It seeks so to dramatize the issue that it can no longer be ignored” (King 274). Showing that his plan for direct action is not unwise and supposed to be untimely as they have waited to long for change and now it’s time to force negotiation. He then addresses the clergymen’s anxiety over their willingness to break laws. As King states that just laws should be followed, and unjust laws should be openly disobeyed. In order to get people to agree with him on just vs. unjust laws he needs to do more than appeal to the readers pathos and ethos. He does this by describing just and unjust laws from multiple different angles, in ways the reader could relate to. “A law is unjust if it is inflicted on a minority that, as a result of being denied the right to vote, had no part in enacting or devising the law. Who can say that the legislature of Alabama which set up that state’s segregation laws was democratically elected” (King 277)? This puts it in perspective making it hard for the reader to refute. King also uses a strong sense of logos when describing the two sides of the community “one is a force of complacency, made up in part of negros who, as a result of long years of oppression, that have adjusted to segregation” (King 279), and “The other force is bitterness and hatred, and it comes perilously close to advocating violence” (King 279). This passage in the letter shows the clergymen the two different sides. MLK doesn’t take time to justify these two groups of their rights and wrongs, but rather backs them up with facts that result in their actions. Showing that even if he remained unbiased that the black community would have acted regardless, and that the nonviolent action could very well have turned violent without the help of his organization. He backs up each of the clergymen’s arguments with logical evidence to his stand point on the topic.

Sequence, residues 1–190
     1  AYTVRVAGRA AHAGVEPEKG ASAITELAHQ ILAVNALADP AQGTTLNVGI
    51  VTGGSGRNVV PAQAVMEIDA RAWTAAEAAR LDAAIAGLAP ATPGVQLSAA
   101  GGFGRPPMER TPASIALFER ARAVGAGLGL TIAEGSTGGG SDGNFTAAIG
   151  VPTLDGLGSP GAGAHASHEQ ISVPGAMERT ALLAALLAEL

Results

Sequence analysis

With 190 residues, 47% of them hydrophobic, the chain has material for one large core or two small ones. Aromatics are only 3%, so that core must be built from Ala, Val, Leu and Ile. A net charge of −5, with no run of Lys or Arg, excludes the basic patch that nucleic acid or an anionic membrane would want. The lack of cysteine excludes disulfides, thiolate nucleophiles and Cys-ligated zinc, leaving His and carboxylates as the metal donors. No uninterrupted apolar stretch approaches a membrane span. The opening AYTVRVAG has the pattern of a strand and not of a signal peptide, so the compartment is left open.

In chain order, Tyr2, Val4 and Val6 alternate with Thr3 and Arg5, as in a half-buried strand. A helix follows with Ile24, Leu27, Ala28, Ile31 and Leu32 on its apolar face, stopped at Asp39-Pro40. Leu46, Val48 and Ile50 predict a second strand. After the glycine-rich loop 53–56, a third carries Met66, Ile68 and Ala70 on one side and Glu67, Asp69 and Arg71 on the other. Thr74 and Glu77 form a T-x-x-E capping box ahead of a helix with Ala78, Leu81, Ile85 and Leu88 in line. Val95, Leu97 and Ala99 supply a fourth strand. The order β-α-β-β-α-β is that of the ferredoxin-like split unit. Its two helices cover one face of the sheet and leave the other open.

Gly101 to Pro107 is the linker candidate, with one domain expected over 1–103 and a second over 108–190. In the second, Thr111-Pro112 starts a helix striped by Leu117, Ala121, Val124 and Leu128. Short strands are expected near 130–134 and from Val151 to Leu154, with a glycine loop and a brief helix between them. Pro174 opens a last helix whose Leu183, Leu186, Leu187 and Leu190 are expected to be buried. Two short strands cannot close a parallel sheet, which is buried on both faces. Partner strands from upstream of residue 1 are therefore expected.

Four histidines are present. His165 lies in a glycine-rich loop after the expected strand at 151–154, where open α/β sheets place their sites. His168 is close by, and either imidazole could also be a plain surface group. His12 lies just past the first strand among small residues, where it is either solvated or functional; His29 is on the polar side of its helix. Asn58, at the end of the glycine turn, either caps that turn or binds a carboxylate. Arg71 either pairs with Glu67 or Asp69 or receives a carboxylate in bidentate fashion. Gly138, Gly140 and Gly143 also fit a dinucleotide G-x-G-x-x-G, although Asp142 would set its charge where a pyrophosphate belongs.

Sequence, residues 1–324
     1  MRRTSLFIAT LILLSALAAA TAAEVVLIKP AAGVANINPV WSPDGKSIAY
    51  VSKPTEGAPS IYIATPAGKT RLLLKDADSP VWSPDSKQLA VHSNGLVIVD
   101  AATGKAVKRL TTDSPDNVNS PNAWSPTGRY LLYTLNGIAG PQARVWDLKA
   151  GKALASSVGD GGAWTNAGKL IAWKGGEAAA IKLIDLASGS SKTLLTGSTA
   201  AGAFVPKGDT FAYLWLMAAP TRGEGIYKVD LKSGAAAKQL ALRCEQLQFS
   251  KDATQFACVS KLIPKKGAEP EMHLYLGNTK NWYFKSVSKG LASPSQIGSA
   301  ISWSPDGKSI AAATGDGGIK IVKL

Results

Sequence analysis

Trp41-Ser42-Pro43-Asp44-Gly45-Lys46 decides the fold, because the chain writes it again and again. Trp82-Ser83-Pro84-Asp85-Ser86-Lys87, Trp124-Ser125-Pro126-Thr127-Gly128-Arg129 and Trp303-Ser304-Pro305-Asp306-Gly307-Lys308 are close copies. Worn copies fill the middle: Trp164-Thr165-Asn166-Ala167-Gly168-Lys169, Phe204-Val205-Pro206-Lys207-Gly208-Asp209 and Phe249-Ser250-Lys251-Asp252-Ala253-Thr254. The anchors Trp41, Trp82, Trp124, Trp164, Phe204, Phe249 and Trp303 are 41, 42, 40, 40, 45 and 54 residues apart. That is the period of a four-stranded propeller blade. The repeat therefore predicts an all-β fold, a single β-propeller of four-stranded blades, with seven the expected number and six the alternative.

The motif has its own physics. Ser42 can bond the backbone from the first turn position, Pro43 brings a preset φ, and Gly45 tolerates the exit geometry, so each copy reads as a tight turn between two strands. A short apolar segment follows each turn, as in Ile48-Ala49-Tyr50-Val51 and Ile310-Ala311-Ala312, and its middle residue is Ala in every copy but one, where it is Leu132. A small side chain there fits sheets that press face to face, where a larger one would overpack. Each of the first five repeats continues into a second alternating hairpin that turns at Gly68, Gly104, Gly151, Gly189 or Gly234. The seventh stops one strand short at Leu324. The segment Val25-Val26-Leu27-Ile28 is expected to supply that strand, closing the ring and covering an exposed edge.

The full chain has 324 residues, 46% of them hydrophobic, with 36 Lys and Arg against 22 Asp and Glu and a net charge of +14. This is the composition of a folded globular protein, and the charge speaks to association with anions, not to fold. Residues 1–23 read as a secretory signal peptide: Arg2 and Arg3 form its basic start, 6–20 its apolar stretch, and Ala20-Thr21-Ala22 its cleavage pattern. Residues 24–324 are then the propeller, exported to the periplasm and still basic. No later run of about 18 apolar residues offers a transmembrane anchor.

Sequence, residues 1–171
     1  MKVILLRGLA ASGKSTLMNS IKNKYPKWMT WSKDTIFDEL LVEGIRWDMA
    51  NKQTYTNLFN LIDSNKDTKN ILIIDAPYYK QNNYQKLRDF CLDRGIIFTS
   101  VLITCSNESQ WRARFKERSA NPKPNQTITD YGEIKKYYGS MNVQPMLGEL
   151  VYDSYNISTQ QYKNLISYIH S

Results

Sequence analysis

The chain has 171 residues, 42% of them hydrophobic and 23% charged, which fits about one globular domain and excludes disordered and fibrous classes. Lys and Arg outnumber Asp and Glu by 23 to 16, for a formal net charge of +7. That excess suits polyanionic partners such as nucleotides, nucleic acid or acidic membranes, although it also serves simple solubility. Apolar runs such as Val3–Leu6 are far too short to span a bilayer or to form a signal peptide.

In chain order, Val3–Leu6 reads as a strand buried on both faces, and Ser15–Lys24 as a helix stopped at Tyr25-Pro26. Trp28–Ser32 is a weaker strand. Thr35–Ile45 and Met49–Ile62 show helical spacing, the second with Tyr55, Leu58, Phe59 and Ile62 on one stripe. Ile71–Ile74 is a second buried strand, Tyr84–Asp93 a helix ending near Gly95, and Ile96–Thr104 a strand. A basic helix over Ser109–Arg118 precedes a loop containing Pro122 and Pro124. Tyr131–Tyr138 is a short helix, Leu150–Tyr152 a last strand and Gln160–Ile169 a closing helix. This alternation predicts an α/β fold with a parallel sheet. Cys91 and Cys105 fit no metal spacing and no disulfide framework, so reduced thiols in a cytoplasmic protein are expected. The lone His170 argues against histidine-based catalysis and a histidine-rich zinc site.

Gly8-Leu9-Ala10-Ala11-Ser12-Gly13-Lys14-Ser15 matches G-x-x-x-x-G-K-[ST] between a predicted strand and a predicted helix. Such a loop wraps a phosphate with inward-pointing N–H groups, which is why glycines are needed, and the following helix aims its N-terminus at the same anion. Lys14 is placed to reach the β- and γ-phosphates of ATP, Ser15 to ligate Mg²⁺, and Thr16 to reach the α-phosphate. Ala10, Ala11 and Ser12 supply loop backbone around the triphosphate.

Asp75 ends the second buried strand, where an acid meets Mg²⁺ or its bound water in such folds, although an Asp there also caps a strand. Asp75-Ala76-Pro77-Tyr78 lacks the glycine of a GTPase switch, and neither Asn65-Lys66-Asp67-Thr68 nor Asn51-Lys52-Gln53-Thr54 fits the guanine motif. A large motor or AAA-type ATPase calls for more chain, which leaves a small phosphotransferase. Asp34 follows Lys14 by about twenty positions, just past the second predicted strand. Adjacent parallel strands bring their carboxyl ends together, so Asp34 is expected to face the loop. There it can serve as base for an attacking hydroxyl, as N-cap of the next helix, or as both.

Martian Luther King was also good at incorporating strong pathos into his letter. He made the reader sympathize with what the black people were going through on a day to day basis. He painted a picture of the violence they faced, the injustices, and brutality they had to endure. He pulls on the audience’s emotions making them more likely to side with himself rather than the clergy men. One of the statements made by the clergymen was that they warmly commended the Birmingham police for keeping “order” and “preventing violence”. MLK says “I doubt that you would have so warmly commended the police force if you had seen its dogs sinking their teeth into unarmed, nonviolent Negroes” (King 283). He uses such intense words in this short sentence that really just leaves a picture in your mind. Showing the readers that the cops were actually the violent ones in the nonviolent protest that was going on, they’re the ones causing the harm instead of preventing it. Not only does he describe the brutality given by the cops he also describes the injustices done by the people and the community.